November 30, 2003 — Victorville Daily Press, CA.
Southern California Logistics Airport wants to grow north and east, adding a 2,900-acre high-tech rail yard and a warehouse/manufacturing district. Indeed, it already has promised the rail yard to tenants. But the airport’s finance authority, the Victor Valley Economic Development Authority, doesn’t own much of the land.
Last month, it proposed amending its authority to allow eminent domain, a concept disliked by land owners, in a 21-square-mile area north, northwest and east of the airport, a part of it in an annexed portion of Victorville. Eminent domain would allow the agency to condemn property if owners demand too much money for it. A court would then decide on a proper price and force the owner to sell the property in the public’s interest. However, city officials seemed to have forgotten that they had agreed in writing not to use eminent domain as a condition of annexing the land to Victorville.
An impasse with Victorville landowners could threaten development of the new rail yard. The small number of homeowners in the way of the rail yard have chosen to meet with city officals to resolve land acquisition issues. Eight owners met with five Victorville officials on Monday, and the mood was upbeat. “We really don’t want to stop development,” said Richard Trower, whose 15-acre horse ranch is in the middle of the land VVEDA wants for its warehouse district. “If they’re reasonable, I’m willing to move. It’s just that land has gone sky-high. They would have to pay me enough that I could buy another 15 acres.”
Keith Metzler, the city’s director of economic development, foresees an amicable solution. “The final design and alignment of the projects isn’t set,” he said. “There is some flexibility. I think we can get this cleared up. We have always tried to develop a master plan with local property owners.”
Metzler said there were provisions in the acquisition process for “relocation, a term which can be interpreted broadly,” and that the redevelopment agency would like to help landowners find comparable property elsewhere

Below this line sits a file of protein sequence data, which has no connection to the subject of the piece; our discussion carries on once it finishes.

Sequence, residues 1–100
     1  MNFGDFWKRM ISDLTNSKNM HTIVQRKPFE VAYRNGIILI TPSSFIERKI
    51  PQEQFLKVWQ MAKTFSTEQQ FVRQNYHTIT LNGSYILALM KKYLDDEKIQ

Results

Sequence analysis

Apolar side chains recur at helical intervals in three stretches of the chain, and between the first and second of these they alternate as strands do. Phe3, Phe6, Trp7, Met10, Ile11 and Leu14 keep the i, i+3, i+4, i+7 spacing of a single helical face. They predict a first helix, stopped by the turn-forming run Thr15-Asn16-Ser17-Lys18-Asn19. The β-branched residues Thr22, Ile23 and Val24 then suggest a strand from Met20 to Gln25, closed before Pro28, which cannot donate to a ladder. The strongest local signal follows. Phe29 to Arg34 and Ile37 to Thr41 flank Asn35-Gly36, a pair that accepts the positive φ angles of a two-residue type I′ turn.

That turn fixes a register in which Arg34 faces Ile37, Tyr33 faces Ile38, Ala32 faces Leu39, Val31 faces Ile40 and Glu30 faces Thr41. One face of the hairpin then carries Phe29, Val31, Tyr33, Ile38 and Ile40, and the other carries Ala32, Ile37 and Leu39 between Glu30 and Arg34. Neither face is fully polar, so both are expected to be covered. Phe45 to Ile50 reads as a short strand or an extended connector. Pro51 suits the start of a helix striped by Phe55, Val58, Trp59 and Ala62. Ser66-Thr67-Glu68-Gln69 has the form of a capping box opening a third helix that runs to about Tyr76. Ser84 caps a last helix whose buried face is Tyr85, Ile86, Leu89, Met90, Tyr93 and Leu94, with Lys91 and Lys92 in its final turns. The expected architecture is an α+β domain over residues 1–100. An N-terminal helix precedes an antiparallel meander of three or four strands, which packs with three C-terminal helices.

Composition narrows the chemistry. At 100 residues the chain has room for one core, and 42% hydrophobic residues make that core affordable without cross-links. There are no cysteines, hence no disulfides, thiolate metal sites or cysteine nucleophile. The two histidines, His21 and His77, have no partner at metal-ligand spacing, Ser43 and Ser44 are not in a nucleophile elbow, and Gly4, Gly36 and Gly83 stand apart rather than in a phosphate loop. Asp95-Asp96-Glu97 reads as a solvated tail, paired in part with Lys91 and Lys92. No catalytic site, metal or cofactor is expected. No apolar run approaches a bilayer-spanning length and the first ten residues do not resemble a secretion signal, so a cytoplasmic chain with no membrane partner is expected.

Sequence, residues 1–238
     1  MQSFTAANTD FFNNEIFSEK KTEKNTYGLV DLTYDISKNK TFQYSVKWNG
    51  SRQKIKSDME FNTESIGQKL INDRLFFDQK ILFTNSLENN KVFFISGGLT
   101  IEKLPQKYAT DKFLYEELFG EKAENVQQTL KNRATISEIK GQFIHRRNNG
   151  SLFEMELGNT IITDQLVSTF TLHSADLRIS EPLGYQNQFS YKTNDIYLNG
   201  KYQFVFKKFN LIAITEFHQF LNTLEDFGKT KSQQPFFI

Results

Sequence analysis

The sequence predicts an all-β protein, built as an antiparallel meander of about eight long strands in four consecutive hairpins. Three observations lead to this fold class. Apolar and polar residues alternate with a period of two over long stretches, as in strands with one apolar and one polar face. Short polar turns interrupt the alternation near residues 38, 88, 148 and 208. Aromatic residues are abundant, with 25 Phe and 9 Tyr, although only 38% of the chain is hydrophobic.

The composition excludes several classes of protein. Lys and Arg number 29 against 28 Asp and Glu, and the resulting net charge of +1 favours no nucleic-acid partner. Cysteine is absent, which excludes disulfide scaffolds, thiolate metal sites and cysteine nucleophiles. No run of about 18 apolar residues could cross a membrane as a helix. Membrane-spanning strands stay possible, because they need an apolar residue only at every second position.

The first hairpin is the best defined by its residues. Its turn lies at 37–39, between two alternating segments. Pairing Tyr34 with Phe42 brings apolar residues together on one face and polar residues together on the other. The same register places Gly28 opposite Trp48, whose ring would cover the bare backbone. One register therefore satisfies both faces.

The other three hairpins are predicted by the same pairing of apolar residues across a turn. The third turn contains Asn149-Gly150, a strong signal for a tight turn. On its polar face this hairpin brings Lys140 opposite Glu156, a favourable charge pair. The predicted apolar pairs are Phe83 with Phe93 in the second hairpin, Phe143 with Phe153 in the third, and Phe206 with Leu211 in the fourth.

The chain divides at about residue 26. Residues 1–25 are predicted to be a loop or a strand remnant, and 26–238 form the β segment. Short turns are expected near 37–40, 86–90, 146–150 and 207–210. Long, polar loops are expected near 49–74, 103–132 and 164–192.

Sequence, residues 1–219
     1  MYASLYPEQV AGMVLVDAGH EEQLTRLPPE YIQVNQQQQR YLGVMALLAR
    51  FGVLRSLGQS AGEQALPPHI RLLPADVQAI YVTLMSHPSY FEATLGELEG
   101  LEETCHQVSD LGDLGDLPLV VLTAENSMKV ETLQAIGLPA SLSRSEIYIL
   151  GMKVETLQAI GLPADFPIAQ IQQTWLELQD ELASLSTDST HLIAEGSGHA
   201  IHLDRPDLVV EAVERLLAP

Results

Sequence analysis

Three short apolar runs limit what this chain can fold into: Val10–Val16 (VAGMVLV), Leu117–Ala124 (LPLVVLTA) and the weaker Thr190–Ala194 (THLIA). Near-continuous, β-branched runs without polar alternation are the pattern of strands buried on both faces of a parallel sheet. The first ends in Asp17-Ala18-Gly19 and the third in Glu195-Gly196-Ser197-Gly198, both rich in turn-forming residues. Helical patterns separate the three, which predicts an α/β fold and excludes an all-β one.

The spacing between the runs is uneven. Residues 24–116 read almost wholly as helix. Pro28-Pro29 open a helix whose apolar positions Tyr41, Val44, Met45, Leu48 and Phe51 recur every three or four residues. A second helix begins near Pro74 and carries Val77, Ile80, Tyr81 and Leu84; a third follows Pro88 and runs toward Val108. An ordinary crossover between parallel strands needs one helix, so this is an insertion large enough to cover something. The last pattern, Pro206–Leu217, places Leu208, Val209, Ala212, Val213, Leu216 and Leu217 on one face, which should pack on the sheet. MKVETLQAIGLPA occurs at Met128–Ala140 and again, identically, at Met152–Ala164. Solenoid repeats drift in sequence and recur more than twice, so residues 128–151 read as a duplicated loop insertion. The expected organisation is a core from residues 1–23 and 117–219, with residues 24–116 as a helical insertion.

. Both sides were careful to praise the other, Trower saying the city was “honest and straightforward,” and Metzler calling the property owners “very reasonable.”
VVEDA has scheduled another public hearing for Wednesday at 6 p.m. in the Mavericks Stadium conference room in Adelanto. At an earlier public hearing, much of the time was consumed in an outpouring of fears about unfair use of eminent domain. “It’s a misunderstood concept,”
Metzler said. “We absolutely have to have a reason to use it. If a residence is involved, it has to be the only place the rail yard could go for us to invoke eminent domain.” At the last hearing, angry landowners whose property was targeted for an airport runway extension charged that the city is offering them $3,000 an acre for land they have had appraised at $14,000 an acre. The airport and landowners are discussing a plan by which specific properties would be exempted from eminent domain, but have not yet proposed an agreement. In the meantime, the city will grade local roads, which hasn’t been done, according to Trower, since the land was annexed five years ago.